Wish I could find a good agent or even a competent one. The closest I ever came was a woman who was kind of scatterbrained. She didn’t do much to put a deal thru but she didn’t stop me either which is all I really need. I soon learned not to depend on her for information on zoning or anything else but we did a lot of business. The one holdup was that she was away so much - 4 to 6 week vacation trips to Ireland, Tahiti, who knows where else, 3 or 4 times a year. Yes she sold a lot of property and made a lot of money. Then she quit real estate to open a tea room.

The rest of them around here do everyhing to avoid work but have an unlisted phone number. They don’t answer the phone, they don’t answer pages, they don’t return calls. When you do get them, they will do anything to stop you from listing or selling a property.

Here is a good laugh. I actually stopped buying in my home town because prices are way too high. Every rental property I looked at had a cap rate of 5 or 6 percent - negative cash flow territory and I don’t buy negative cash flow. So I started buying in a town 40 miles away where prices are cheaper.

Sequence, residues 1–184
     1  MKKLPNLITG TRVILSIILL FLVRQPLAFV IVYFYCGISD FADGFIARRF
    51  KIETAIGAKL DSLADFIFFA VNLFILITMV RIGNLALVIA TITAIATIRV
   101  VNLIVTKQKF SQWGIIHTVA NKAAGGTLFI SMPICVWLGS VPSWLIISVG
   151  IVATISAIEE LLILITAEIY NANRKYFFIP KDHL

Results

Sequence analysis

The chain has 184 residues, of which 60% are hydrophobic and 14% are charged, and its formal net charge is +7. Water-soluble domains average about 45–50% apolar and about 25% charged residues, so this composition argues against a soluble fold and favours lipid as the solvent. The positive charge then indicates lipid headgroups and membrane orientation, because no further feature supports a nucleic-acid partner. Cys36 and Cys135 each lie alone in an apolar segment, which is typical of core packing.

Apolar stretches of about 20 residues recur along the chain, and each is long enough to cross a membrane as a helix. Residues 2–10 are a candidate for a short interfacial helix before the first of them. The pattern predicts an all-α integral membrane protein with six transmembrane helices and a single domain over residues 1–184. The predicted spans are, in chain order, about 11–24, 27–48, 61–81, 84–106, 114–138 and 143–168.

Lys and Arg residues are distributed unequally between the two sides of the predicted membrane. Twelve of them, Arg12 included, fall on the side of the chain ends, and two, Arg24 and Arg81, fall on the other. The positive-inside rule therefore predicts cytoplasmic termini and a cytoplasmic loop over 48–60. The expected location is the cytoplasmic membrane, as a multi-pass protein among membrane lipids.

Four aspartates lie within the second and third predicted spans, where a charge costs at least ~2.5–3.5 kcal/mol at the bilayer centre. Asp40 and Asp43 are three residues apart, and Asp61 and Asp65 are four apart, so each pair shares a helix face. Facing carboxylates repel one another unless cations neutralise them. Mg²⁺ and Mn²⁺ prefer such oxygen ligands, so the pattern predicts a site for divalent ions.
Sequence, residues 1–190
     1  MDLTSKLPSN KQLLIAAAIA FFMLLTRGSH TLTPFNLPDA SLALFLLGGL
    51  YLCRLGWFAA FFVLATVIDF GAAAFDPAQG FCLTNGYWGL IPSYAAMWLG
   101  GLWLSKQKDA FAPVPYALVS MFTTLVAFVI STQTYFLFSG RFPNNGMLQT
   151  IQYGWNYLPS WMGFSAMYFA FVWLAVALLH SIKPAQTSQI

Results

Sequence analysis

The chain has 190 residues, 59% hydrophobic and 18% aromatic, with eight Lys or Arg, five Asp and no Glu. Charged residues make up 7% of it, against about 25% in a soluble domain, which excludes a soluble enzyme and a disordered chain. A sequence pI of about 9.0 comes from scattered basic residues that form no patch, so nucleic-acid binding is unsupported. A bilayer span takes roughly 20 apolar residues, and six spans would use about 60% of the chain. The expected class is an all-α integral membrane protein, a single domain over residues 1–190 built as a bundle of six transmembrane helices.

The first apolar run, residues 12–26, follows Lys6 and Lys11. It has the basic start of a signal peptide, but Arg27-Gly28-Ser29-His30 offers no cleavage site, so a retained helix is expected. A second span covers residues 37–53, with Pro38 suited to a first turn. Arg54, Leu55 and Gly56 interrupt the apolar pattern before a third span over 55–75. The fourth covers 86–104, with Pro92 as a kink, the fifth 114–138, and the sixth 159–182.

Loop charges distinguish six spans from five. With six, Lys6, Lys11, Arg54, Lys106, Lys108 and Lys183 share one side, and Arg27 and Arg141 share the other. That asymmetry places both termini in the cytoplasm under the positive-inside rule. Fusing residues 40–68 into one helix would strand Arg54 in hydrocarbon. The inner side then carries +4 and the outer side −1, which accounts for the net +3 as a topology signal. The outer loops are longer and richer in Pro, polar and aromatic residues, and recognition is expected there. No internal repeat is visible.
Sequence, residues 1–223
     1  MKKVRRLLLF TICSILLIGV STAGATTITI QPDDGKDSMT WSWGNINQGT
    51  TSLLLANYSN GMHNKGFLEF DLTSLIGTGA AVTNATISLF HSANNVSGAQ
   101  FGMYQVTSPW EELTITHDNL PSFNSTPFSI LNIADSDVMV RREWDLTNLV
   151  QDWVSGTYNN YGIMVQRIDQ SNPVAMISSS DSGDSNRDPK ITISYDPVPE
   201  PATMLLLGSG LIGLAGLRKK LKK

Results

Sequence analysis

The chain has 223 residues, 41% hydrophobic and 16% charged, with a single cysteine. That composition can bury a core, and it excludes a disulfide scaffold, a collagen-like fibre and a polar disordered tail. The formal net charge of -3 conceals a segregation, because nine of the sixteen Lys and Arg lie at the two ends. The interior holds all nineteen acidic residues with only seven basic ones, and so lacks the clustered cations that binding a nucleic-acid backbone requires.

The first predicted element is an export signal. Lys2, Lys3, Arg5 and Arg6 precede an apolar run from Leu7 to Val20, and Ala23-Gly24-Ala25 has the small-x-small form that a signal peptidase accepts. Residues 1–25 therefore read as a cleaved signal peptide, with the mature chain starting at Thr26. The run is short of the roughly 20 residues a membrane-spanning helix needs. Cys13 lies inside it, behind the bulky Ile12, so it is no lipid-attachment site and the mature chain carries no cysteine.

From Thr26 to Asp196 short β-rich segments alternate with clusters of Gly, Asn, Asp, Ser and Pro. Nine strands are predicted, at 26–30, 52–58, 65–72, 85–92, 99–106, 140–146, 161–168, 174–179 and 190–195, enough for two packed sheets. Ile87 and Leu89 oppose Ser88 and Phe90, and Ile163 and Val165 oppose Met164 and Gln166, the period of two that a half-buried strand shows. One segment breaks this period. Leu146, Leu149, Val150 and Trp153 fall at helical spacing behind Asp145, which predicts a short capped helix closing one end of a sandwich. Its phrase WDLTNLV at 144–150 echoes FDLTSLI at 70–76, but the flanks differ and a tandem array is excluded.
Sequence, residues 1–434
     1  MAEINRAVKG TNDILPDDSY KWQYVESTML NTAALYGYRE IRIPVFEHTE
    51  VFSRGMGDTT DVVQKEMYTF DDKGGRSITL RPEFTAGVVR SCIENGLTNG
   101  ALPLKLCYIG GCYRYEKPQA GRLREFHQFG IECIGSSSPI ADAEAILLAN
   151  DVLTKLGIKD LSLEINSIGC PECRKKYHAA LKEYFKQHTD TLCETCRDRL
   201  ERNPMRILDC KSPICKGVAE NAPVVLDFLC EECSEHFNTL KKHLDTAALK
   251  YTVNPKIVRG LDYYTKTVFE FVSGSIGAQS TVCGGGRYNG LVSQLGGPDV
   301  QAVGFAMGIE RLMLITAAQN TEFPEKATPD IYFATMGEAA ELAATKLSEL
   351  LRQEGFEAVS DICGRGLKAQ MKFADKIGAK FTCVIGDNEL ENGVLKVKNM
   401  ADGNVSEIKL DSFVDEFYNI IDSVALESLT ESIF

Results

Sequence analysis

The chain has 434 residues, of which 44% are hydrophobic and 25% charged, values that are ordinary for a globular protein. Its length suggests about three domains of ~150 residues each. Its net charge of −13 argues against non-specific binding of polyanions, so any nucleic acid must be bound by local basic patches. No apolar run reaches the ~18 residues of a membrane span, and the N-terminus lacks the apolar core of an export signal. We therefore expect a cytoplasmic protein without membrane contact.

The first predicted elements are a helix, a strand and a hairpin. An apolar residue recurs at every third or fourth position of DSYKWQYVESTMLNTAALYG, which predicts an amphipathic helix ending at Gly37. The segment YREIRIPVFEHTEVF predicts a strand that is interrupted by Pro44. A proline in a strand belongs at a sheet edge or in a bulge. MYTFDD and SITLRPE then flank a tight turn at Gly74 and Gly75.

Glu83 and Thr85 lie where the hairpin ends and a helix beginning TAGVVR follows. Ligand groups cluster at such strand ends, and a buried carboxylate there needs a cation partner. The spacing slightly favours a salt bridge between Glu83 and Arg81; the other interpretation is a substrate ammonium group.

It occurred to me that at the prices they want in my home town I should be selling not buying. So I called a few agents and told them I wanted to list a property. 3 of them gave me a price, all $360,000 $380,000 $390,000 representing a cap rate of around 10%. Compared to what else was on the market, mine should have been about $575,000 but they thought maybe they could sell it for $360,000 to $390,000 LOL.

I told them if they had any good rentals for sale with a 10% cap rate I would buy them on the spot. I would sign an offer without looking at them, without even leaving their office. None took me up on this because there are no properties for sale here with a 10% cap rate or anywhere near it. By the way I was dead serious. I would have signed an offer conditional on inspection, conditional on financing, and conditional on getting insurance which are standard clauses these days. Of course there are no such properties but if I was fool enought to list with them there would have been one - mine.